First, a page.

My interpretive perspective on Brenner’s literary-philosophical work will be the following: I seek to identify in Brenner’s extensive work-literature, literary reviews, and journalism—the existential characteristics of human existence, and to examine their compatibility with the characteristics presented in the existentialist tradition.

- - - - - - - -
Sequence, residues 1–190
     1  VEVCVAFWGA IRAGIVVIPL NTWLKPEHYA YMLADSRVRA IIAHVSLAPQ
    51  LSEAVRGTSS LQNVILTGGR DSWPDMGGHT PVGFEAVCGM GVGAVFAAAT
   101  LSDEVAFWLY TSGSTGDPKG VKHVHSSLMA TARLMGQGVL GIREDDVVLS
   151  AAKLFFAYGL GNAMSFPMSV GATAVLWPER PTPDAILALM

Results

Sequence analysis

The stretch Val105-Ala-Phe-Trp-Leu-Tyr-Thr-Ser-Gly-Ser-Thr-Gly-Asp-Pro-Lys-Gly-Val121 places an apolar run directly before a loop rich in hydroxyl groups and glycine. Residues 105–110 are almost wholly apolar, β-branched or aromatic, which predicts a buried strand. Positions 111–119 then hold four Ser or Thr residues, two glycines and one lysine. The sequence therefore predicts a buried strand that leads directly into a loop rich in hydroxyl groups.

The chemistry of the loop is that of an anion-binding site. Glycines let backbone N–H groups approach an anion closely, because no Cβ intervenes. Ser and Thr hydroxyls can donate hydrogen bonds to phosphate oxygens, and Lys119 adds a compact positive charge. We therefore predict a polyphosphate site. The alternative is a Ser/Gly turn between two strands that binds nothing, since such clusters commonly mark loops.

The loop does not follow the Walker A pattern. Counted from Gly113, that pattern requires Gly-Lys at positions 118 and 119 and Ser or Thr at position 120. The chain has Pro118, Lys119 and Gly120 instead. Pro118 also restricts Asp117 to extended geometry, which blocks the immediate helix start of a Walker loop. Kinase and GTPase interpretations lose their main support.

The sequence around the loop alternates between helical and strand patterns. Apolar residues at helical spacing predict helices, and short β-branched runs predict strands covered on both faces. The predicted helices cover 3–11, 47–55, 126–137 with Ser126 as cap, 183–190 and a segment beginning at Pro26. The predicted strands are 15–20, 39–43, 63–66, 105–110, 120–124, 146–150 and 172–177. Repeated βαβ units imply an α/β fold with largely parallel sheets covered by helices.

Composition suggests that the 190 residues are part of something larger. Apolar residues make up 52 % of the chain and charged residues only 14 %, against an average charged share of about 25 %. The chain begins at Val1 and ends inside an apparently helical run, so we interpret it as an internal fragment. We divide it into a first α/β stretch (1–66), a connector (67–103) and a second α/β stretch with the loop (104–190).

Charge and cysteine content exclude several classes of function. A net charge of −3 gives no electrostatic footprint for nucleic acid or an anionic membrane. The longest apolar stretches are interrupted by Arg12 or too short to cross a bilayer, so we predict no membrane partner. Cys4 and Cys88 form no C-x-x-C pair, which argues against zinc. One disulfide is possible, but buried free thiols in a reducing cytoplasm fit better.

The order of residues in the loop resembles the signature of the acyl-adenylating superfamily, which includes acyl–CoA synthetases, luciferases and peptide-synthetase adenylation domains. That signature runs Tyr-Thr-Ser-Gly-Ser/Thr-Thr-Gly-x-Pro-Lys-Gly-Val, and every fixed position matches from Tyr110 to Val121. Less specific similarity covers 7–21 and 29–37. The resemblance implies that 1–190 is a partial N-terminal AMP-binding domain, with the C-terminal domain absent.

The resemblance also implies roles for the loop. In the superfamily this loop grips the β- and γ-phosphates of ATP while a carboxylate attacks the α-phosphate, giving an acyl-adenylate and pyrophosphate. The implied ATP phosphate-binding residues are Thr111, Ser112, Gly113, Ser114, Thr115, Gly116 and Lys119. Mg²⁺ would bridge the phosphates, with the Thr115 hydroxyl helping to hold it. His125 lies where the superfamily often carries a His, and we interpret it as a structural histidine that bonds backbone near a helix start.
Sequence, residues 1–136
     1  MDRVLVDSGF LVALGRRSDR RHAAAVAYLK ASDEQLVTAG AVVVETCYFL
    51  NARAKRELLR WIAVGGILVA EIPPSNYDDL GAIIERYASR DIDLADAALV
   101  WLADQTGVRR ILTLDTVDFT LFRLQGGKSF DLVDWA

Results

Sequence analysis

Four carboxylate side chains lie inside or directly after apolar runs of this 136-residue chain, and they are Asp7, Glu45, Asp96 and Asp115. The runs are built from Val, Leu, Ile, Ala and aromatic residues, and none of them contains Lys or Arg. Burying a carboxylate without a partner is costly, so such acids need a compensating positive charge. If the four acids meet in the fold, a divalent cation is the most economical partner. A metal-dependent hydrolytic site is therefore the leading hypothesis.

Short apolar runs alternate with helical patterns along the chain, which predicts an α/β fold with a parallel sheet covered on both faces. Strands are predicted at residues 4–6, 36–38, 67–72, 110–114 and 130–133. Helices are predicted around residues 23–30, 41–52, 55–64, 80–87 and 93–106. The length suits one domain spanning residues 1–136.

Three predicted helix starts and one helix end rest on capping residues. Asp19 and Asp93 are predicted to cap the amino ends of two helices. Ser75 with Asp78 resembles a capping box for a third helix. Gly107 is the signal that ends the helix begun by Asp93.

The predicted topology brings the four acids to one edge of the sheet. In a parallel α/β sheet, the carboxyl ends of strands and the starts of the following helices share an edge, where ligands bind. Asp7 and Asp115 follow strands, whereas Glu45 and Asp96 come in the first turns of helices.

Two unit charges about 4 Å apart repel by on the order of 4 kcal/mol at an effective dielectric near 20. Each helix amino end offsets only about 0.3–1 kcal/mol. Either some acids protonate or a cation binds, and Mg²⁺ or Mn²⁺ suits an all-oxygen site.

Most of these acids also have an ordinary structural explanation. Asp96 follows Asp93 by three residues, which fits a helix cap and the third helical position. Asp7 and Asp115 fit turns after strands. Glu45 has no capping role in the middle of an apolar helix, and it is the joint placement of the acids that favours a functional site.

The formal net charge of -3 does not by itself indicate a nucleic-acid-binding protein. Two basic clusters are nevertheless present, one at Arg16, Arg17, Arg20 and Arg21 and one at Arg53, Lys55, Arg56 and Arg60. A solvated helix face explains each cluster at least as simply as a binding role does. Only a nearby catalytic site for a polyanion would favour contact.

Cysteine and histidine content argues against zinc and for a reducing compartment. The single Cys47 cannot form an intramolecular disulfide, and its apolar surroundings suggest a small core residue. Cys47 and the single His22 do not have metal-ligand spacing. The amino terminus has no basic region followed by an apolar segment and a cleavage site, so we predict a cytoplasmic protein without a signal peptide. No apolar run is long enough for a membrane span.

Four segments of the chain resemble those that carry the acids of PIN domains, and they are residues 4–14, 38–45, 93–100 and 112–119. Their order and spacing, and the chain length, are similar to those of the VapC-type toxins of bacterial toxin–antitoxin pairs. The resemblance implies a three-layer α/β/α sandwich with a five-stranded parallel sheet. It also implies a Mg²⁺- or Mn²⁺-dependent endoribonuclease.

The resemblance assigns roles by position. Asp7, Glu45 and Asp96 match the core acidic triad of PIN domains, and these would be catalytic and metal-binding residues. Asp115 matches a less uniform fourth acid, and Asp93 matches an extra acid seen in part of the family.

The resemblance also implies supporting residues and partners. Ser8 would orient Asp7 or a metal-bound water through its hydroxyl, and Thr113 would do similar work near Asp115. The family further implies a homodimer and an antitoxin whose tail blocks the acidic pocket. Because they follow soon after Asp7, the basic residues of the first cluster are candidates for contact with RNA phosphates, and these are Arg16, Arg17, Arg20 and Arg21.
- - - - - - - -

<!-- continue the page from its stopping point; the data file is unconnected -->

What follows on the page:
As Sagi himself notes, his book on Brenner follows on his studies of other existentialist philosophers, including Soren Kierkegaard and Albert Camus. In his introduction, as well as intermittently throughout the book, Sagi labors over a brief, necessary, and for the most part convincing theoretical exposition intended to defend his decision to read Brenner through a philosophical lens. Students of Brenner have already pointed out the existential elements in his work, but Sagi does a more exhaustive job: He collates various intuitions, isolated remarks, decisive yet unsupported assertions, philosophical insights of quintessential literary scholars, as well as partial and schematic studies, melding them into a detailed, systematic, and convincing philosophical presentation of Brenner’s existentialism.